The 2013 MLB Draft is set to begin June 6th and we're going to try and provide at least one or two things per week between now and then.
The Astros had the first pick in the 2012 MLB Draft and they again have the top pick. Last year, Mark Appel was rated by some as the top draft prospect. He's rated by nearly everyone as the top draft prospect this year. A year ago the Astros tried, prior to the draft, to negotiate an under-slot contract with Appel and failed. They chose Carlos Correa instead, paid him considerably less than slot and then picked at least two other players in the top 10 who they paid more than slot.
It was an interesting way to approach the first draft in which the most recent Collective Bargaining Agreement had a clear impact. Prior to 2012, slot values were merely a suggestion. Bud Selig and other would come up with these values, pass them around and if a team went over slot, they'd just flash the team a mean look. They couldn't do anything about it. It was beautiful and it was the Cubs best path for success sooner rather than later.
What was once beautiful turned a nasty shitstained color once the CBA was signed.
I liked seeing what the Astros did. If it's something they continued to do, we could directly compare different draft strategies. The question is, though, was this strategy the result of the lack of a clear top draft prospect or was it something Jeff Luhnow and company set out to do from the very beginning? Would they do the same thing in future drafts that didn't have a clear cut number 1? This draft doesn't have one player that is far and away the best. There are a couple in Appel and Jonathan Gray who the experts say have separated themselves a bit from the rest.
I don't know and I doubt any Astros fans know either. It's literally anybody's guess.
If it was the Astros strategy from the start, maybe the performance of those they drafted would help shed some light on whether or not they would do it again. One year isn't enough. Jeff Luhnow is a very smart general manager and wouldn't let one year change a strategy. That's particularly true when you consider the sample sizes involved in those involved.
This is just an undiscredited blog throwing out wild ass guesses so I have no problem trying to come up with one based on just a year. I wouldn't be willing to reach any conclusions based on it, but it can't hurt discussing it. The most relevant thing to whether or not they continue with such a strategy would be how they performed, though as I said, one year of data is not nearly enough. Anyway…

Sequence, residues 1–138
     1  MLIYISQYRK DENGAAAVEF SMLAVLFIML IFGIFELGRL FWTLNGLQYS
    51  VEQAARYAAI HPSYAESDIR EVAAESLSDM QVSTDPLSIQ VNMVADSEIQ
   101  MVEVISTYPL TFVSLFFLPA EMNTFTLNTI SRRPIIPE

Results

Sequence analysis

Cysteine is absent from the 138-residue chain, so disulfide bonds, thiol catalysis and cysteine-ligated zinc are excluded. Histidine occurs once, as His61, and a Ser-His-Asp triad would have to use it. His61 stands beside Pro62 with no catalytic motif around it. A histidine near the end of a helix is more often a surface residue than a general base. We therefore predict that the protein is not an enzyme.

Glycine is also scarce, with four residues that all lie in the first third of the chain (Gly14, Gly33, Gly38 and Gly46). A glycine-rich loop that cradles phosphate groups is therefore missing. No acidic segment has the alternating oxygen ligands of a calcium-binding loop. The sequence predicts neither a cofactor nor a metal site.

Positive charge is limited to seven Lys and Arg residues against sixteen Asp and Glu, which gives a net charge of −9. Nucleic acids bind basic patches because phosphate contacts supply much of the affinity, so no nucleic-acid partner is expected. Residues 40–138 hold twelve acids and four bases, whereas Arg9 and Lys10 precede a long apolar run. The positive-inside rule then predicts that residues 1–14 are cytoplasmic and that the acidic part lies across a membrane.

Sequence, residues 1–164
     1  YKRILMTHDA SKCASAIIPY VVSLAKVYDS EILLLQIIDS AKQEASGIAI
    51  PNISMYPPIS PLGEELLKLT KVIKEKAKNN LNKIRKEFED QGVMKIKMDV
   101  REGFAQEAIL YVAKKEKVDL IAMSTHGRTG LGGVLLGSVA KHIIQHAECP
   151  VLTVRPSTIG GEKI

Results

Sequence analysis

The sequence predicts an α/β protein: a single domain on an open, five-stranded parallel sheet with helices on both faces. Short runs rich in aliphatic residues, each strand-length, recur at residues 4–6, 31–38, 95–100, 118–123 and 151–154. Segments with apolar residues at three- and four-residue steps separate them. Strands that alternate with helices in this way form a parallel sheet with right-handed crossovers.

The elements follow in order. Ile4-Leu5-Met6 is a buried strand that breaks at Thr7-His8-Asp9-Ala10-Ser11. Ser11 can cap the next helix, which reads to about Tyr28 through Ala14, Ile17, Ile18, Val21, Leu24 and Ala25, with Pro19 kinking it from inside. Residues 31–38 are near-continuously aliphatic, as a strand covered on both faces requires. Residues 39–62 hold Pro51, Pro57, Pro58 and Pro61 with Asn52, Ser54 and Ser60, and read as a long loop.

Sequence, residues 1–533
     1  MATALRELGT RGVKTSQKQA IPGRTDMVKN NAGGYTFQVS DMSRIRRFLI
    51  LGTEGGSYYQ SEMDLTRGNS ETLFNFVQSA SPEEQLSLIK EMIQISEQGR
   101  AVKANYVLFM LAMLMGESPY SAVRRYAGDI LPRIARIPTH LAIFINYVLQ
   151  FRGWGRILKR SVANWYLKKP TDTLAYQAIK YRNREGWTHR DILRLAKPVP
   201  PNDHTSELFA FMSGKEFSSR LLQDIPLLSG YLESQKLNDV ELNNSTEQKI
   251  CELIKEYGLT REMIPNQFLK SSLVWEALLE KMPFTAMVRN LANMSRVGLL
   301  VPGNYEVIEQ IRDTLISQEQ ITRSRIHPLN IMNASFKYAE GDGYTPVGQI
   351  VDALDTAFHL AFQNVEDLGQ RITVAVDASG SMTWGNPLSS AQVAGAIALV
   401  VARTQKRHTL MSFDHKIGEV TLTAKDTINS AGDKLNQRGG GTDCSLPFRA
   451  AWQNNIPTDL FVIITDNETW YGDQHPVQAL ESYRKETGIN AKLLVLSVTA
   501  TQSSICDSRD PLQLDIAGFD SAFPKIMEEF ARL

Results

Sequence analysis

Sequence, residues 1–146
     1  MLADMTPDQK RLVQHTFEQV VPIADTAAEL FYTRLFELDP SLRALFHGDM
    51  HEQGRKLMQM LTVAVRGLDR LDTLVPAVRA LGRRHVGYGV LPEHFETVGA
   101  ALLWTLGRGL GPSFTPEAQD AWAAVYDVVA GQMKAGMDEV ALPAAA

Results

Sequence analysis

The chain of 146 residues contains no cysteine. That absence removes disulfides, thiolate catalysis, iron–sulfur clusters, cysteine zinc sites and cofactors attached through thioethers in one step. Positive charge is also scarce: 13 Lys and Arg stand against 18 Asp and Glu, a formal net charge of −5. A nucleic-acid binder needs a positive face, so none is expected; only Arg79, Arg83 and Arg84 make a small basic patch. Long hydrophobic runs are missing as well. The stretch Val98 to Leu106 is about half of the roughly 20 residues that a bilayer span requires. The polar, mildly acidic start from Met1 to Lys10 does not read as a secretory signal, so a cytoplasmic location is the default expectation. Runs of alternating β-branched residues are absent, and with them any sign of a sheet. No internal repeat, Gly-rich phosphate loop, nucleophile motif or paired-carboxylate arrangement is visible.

Carlos Correa was surprisingly the number 1 pick last year. The Astros paid him about $3 million under slot. He was a very good talent. He was good enough that some thought the Cubs would take him if he was still available. Some even said he was the best high school talent in the draft, which also included Albert Almora. Correa was only 17 at the time of the draft, which is pretty young. He's only in his age 18 season right now and to this point, has only been OK.
This season he has been outstanding with nearly a .400 wOBA. The numbers may not be what you'd expect from a top pick, but he's in a full season league at the age of 18, which is impressive enough. And he's hitting the crap out of the ball. The Astros would have to be very happy with their pick at this point.
At 41st overall, the Astros went with Lance McCullers who was a top 15 talent. He fell due to demands and was even at one point the highest rated player in the 2012 draft. At just 19, and with very limited information as far as stats go, he's shown pretty good control and a high strikeout rate. He's made only 2 starts and had 3 appearances so far this year, but is also in a full season league (Class A).
With the 129th pick the Astros drafted Rio Ruiz and paid him well above slot. McCullers and Ruiz were the two they wanted when they went cheap with Correa. They got them both. Ruiz was very good in rookie league last season and then struggled in low A. He hasn't made his debut this season so he's either injured or the Astros are holding him back in extended spring training.
What to make of this? I don't know. The Cubs went pretty much by the book last year at the draft. They didn't really go over slot for anyone and didn't underpay anyone. At least not by much. Their draft was considerably different than the Astros with regards to how they spent their available money in the first 10 rounds.
Albert Almora has yet to make his debut this season, but for the most part, that's true of a lot of the Cubs top 10 picks from last year. I don't know what this means either. If this was a consistent difference between strategies then we might have something, but over one year, it's probably nothing.
There also might be another thing to consider. I have no idea how the pre-draft negotiations went between Appel and his agent, Scott Boras, and the Astros. If Appel was clearly the best prospect available, it probably isn't an issue, but with Jonathan Gray also available, the Astros may instead to deal solely with him and his agent. To the best of my Googling knowledge, Gray does not appear to have Boras as his agent.
This could potentially make the decision simpler for the Astros.